Two educators from Prince George’s County are back in Maryland after a frightening and challenging ordeal that began last month, half a world away in China.
Kevin Scriber II of Bladensburg, Maryland, is a candidate for a Ph.D. in biology from Howard University and had been teaching in China for several months when he suddenly became critically ill.
One day, in the second week of January, colleagues found him partially paralyzed in his apartment. It happened just one week after he submitted his Ph.D. paperwork.
Scriber was diagnosed with two overlapping autoimmune disorders and eventually became fully paralyzed and in need of breathing and feeding tubes.
His wife Naliyah Kaya, a sociology professor at Montgomery College, managed to quickly get a passport and visa and reach her husband’s side the following week.
Scriber’s illness is unrelated to the coronavirus, but it manifested at the same time the outbreak in China was growing and coronavirus concerns forced Kaya to leave several Chinese hotels.
Although he got great care in China, Scriber’s doctors there said it was crucial to get him a medical flight back to the U.S. However his insurance company — Kaiser Permanente — initially refused to pay for one.
Kaya started an online petition drive to get the decision reversed. Eventually, it was.
Coronavirus-related travel crackdowns meant the couple had to jump through extra hoops before leaving China last week.
“The medical flight requested that we both (get) tested, and in order to test as negative you actually have to test negative two times within 48 hours. So we had to complete the testing in order to leave the country, and then to my knowledge the hospital retested him,” said Kaya.
And there was a last minute complication: “The day we were leaving, the flight got delayed multiple times due to weather,” Kaya said.
Finally, Scriber was placed aboard a small jet that was effectively an ambulance with wings.
“We had an ER doctor, a respiratory therapist and a registered nurse on the flight [along with] myself and him,” said Kaya. “I couldn’t have asked for anyone better to be on that flight or to take care of him.”
The flight lasted 18-20 hours, with numerous stops.
“We had to go to Japan, Alaska, Canada and then to Baltimore,” Kaya said.
While on the plane, Scriber was heavily sedated and placed on a ventilator. Upon landing at BWI Marshall Airport, he was immediately taken to a hospital.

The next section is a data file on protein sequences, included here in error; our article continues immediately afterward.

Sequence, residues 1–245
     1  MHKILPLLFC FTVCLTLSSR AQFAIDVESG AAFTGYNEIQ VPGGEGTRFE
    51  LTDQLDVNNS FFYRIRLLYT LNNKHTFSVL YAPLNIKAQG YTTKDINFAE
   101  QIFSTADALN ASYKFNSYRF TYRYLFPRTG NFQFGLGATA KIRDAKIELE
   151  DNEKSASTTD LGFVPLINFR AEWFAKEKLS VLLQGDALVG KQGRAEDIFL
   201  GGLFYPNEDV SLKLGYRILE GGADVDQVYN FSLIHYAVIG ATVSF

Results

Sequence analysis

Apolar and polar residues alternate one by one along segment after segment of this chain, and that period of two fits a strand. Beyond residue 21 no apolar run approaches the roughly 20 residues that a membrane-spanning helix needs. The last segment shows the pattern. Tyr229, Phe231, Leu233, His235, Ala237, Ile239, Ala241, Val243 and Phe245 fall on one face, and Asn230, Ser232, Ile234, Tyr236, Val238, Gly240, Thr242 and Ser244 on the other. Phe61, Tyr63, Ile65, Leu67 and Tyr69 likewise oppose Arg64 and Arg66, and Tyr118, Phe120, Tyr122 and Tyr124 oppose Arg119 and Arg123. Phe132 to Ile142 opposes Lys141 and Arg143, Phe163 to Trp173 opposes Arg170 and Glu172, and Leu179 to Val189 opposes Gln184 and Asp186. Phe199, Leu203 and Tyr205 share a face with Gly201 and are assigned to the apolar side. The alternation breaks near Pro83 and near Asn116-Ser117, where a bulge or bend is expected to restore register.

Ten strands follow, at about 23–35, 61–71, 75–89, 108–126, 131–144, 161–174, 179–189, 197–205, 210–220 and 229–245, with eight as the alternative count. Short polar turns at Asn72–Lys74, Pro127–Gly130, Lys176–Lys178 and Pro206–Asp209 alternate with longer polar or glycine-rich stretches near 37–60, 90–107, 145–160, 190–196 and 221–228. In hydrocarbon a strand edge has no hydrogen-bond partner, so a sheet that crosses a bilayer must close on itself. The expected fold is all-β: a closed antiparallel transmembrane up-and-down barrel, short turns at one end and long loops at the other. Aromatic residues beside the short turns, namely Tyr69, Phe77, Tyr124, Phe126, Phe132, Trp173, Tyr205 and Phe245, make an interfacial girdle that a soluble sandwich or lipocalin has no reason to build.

“He has been talking and having a speech therapist come up and work with him. He’s still a little disoriented, but he does remember most things and can talk. It wears him out, but his voice is coming back,” said Kaya.
Scriber’s recovery is expected to take six to 12 months.
Kaya said her husband wasn’t feeling well for about a week before things got really bad.
“Now that he’s a little bit more awake, he is recalling feeling kind of tingling feet and hands, which is pretty much the standard of what happens when the autoimmune disorder begins. So he is remembering that that started happening to him as he was becoming paralyzed,” she said.
Next, Kaya is working to get Scriber into an inpatient rehab. Once that happens she hopes to finally be able to exhale.
“It’s still pretty overwhelming. I think once he’s in a rehabilitation facility and maybe we have a consistent set of doctors a team and more of a schedule, it might be a little bit easier. But right now, everybody wants to help, but it’s just kind of a situation where I need a clone of myself to be in multiple places at the same time,” said Kaya.
She’s been busy shuttling between home and the hospital, running errands, and teaching classes online. This week, she plans to return to work in person.
“My students have been incredibly sweet,” Kaya said. “I look forward to meeting all of my new students from this semester.”
Kaya’s advice for other travelers? Don’t assume that your health or travel insurance will cover you if you become seriously ill while far from home.
She has met other people that have gotten stuck abroad and had to do the same thing she and her husband did to get an approval to leave the country.
Her advice: “Look into actual air medical flight policies before you leave.”
Kaya is thankful to Kaiser Permanente and everyone who helped her and her husband.
“It took multiple countries helping us, it took all of our friends, family, strangers, his colleagues,” she said. “I really appreciate everything that everybody has done. It’s just going to be a little bit of a long road here.”
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